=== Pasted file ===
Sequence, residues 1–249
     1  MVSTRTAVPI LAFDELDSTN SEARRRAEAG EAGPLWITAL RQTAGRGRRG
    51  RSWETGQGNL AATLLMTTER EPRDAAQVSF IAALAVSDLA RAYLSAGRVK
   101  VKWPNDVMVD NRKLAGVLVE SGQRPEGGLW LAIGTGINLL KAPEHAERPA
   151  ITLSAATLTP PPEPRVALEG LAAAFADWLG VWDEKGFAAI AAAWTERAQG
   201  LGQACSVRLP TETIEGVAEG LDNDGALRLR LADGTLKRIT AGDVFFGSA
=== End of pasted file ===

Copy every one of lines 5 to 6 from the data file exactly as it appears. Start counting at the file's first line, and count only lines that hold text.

   151  ITLSAATLTP PPEPRVALEG LAAAFADWLG VWDEKGFAAI AAAWTERAQG
   201  LGQACSVRLP TETIEGVAEG LDNDGALRLR LADGTLKRIT AGDVFFGSA